The global site of the UK's leading magazine for automation, motion engineering and power transmission
14 June, 2024

Twitter link

Electrical manufacturers call for a WEEE delay

01 March, 2005

Electrical manufacturers call for a WEEE delay

Britain`s electrical goods manufacturers are asking the Government to delay implementing the EU`s Waste Electrical and Electronic Equipment (WEEE) Directive until 2006, as other European Governments are doing. REPIC, the recycling body set up last year by 47 electrical suppliers - including Dyson, Hitachi, Numatic and Philips - argues that a delay will give the Government and industry time to agree workable solutions. The German government has already delayed implementation until next year, and other EU states are expected to do the same.

Dr Philip Morton, REPIC`s chief executive, has sent a letter sent to MPs and business leaders, raising industry`s three main concerns:

• It wants any recycling fee to be highlighted to consumers at the point of purchase, so that they know they are paying a recycling fee for legitimate WEEE-related costs and know that it is "ring-fenced" for this purpose. REPIC fears that if the fee is not visible, it may be "marked up" through the supply chain, with consumers paying more than necessary.

• Manufacturers say they must be able to pass the costs of recycling on to consumers, or jobs will be lost. The industry already operates on narrow margins and Government figures show that the costs of implementing WEEE will equal the industry`s profits. If WEEE cuts margins further, manufacturers may have to move manufacturing abroad, Morton warns. More than 27,000 people work in electrical and electronic manufacturing in the UK.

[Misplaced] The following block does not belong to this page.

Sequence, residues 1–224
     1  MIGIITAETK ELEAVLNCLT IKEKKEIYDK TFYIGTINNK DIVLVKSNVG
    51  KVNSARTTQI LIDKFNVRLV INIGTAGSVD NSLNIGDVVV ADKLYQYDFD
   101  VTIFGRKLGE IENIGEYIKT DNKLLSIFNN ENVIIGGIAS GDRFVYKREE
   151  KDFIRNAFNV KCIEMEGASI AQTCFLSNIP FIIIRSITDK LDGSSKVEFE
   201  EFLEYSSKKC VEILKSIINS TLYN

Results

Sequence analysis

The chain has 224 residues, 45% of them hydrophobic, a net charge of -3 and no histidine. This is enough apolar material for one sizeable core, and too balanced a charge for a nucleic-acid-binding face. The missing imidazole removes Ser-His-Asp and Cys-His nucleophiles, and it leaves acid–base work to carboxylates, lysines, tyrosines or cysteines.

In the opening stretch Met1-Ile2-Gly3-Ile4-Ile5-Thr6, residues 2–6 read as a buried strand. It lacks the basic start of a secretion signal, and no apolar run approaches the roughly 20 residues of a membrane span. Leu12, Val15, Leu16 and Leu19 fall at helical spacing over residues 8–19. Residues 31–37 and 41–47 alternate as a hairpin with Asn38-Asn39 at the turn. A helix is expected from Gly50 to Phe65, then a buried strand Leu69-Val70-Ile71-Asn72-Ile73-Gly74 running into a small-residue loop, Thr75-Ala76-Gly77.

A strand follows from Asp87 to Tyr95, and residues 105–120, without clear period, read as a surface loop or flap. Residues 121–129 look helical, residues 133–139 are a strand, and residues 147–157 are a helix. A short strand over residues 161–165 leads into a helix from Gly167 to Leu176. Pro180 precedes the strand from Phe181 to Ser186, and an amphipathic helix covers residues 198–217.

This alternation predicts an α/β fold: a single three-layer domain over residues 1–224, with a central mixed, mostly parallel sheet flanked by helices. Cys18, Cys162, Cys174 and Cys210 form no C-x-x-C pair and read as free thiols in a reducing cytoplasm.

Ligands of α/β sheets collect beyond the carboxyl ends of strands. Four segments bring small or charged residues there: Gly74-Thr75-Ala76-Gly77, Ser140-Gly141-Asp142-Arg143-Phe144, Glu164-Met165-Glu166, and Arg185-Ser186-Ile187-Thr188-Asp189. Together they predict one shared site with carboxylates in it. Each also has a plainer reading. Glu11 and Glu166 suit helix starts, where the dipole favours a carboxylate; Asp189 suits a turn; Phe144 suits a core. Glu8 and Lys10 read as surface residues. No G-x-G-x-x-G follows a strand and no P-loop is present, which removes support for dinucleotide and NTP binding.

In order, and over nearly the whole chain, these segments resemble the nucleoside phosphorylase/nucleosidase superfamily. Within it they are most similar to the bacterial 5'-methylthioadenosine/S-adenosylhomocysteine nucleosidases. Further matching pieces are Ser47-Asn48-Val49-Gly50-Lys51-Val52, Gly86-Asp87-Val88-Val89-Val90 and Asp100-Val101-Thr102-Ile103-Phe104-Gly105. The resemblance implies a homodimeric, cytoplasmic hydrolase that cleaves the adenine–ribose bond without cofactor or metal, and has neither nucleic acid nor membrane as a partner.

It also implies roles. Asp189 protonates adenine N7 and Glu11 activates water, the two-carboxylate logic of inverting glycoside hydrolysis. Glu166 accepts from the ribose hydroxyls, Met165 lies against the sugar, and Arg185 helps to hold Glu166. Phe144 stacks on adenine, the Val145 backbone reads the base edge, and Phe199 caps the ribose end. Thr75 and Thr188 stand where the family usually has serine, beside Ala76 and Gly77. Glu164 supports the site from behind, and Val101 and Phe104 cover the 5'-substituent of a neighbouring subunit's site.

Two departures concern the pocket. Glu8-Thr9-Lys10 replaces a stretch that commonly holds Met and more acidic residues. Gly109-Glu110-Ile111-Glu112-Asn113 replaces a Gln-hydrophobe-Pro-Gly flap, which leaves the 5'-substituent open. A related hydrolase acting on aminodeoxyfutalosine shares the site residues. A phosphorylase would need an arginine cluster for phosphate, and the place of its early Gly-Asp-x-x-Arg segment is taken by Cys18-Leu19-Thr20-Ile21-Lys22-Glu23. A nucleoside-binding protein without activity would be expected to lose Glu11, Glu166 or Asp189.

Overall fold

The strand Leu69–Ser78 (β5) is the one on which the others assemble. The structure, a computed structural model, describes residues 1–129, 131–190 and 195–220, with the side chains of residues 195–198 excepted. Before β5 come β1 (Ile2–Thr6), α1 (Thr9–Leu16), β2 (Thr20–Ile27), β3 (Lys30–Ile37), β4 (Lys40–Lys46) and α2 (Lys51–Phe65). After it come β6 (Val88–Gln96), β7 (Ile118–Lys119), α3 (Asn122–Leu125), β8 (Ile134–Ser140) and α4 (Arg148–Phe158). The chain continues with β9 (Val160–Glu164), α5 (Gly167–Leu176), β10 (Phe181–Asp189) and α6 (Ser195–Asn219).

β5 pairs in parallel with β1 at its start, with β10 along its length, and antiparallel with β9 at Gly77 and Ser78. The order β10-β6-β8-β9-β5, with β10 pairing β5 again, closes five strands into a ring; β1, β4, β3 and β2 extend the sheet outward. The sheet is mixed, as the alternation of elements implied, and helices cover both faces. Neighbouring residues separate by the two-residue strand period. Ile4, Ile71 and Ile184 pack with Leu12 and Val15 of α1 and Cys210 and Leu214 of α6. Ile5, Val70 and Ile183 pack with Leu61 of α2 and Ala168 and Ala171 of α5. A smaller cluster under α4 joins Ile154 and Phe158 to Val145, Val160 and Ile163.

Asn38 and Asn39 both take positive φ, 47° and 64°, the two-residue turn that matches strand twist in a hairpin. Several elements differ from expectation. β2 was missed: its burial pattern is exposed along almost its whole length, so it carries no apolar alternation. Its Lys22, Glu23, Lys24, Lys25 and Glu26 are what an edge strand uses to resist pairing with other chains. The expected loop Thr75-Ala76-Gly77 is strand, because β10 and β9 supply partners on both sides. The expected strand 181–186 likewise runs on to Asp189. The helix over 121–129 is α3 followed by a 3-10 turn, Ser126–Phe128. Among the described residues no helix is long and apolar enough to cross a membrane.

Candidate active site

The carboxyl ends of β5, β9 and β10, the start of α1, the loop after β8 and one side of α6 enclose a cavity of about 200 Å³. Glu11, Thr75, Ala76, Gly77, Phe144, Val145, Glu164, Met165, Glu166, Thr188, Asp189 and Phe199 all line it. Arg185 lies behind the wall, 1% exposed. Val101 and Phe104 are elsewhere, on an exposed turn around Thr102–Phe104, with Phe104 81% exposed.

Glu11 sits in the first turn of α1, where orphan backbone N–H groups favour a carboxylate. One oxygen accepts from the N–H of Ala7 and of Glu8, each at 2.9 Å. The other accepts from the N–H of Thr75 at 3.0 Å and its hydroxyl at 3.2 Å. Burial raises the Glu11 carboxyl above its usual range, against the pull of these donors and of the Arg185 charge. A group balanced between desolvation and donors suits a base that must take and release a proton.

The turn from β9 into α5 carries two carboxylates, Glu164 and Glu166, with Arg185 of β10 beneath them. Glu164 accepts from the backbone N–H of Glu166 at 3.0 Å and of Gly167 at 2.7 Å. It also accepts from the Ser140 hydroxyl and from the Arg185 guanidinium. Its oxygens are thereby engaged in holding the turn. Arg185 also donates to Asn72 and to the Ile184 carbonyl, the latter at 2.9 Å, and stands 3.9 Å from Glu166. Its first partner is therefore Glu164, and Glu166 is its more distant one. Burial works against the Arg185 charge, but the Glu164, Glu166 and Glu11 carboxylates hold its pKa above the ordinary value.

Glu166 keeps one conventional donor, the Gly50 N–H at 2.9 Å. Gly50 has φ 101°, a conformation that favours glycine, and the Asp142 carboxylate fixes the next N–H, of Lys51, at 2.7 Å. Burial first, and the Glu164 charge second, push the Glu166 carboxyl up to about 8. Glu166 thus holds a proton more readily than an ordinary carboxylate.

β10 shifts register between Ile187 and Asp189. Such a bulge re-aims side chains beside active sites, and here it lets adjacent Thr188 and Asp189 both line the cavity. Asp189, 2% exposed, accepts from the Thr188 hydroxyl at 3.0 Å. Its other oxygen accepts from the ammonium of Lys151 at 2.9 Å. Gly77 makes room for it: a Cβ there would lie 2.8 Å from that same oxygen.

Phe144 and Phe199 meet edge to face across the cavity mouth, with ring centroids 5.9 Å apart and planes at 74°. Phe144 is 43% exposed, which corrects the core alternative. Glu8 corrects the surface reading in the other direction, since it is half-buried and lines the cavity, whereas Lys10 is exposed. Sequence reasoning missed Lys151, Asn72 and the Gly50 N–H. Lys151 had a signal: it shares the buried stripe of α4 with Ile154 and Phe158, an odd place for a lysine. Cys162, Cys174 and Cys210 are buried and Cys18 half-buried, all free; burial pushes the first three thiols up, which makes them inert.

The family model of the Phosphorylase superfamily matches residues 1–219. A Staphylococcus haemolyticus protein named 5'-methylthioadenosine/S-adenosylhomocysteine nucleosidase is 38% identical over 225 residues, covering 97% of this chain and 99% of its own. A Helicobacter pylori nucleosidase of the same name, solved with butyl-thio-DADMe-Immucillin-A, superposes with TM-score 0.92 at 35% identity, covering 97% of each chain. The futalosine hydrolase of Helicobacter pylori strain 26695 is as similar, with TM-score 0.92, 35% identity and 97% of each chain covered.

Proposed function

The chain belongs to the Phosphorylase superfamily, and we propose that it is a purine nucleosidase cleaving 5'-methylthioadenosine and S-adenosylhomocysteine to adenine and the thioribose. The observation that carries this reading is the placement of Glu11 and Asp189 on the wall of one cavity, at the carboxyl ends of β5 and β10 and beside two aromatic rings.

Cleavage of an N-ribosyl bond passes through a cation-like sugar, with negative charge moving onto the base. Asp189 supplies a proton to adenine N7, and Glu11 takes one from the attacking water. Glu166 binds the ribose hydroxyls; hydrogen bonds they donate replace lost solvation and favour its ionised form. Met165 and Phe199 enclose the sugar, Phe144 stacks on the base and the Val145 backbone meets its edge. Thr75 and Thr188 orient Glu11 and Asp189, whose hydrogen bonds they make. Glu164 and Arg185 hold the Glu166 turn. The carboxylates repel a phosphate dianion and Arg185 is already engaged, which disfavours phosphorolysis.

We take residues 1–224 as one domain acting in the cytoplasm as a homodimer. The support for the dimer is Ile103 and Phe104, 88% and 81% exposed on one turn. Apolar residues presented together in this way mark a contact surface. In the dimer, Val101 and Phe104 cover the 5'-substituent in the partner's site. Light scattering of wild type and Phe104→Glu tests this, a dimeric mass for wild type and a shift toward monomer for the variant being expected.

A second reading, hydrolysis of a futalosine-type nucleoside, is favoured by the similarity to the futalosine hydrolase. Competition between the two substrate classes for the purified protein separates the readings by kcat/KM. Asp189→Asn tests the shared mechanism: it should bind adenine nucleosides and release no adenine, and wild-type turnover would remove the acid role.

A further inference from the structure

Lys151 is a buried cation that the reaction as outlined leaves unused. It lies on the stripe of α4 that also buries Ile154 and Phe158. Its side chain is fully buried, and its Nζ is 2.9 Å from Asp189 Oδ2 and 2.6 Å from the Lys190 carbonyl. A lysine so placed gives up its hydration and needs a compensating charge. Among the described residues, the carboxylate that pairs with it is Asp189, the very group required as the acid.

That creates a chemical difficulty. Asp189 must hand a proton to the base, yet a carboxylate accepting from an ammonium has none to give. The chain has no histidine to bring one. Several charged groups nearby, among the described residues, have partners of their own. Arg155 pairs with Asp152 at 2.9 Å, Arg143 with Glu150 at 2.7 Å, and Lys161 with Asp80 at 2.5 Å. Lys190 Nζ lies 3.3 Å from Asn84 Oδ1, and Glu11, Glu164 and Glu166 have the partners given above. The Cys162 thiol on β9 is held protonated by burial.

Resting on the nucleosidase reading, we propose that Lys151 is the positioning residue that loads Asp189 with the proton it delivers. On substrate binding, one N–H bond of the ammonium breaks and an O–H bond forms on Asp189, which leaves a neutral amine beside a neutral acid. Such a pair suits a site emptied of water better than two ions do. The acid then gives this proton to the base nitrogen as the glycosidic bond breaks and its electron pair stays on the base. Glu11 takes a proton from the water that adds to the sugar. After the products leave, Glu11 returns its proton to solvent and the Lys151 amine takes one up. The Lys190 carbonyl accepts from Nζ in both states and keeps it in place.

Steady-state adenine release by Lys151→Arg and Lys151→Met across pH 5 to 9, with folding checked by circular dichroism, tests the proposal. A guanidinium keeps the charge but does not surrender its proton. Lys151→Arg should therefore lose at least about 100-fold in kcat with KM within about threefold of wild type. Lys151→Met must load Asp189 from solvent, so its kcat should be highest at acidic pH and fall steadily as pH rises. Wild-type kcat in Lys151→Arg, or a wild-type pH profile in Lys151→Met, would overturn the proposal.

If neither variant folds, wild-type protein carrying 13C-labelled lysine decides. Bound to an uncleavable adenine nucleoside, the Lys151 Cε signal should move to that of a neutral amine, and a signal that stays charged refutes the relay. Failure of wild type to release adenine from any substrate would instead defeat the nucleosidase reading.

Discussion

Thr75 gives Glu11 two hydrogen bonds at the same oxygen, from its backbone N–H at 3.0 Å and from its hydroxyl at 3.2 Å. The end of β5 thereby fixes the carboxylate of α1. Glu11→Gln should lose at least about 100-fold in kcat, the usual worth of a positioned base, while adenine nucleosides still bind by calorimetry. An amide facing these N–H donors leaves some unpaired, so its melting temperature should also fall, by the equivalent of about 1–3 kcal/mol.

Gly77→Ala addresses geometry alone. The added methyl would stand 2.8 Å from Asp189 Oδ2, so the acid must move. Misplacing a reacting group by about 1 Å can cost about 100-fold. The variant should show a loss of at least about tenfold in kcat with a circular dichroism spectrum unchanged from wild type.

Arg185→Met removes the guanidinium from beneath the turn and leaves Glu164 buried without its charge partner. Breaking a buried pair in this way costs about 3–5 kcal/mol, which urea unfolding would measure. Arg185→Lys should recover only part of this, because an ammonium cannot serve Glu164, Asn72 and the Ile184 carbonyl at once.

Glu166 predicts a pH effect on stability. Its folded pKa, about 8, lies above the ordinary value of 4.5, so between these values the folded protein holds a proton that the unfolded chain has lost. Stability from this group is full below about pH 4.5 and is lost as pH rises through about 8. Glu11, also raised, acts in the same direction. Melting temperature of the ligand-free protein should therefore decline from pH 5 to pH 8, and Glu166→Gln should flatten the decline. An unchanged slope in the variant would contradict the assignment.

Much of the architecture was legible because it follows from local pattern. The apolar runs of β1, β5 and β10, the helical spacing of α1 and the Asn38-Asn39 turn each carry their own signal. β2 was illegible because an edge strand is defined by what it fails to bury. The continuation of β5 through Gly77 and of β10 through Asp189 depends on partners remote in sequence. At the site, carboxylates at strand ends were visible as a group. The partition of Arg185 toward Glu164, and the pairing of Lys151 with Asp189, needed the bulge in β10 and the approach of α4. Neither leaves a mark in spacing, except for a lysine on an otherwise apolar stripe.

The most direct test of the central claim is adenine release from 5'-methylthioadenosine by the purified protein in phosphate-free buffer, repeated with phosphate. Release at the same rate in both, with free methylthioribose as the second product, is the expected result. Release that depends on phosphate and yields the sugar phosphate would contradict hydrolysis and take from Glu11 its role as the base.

• The infrastructure for recycling is not yet in place in the UK because key decisions about specific recycling processes have yet to be taken. The waste industry has therefore been unable to invest in equipment and training. Morton argues that four months is not enough time for the necessary preparation.

"While REPIC fully supports the intent of the Directive and its introduction at the earliest practical opportunity, it is in no-one`s best interests if consumers have to pay more than the actual costs of recycling," says Morton. "The public has the right to know that they are paying for the recycling of old equipment for the good of the environment."

The WEEE Directive outlines requirements for the recycling of electrical and electronic equipment but allows member states to decide how best to implement the regulations.

REPIC - The Recycling Electrical Producers` Industry Consortium - is a not-for-profit company set up for the purpose of complying with the WEEE Directive. Its 47 members together represent 80% of electrical and electronic sales in the UK, mainly in the appliances sector.

  • To view a digital copy of the latest issue of Drives & Controls, click here.

    To visit the digital library of past issues, click here

    To subscribe to the magazine, click here



"Do you think that robots create or destroy jobs?"



Most Read Articles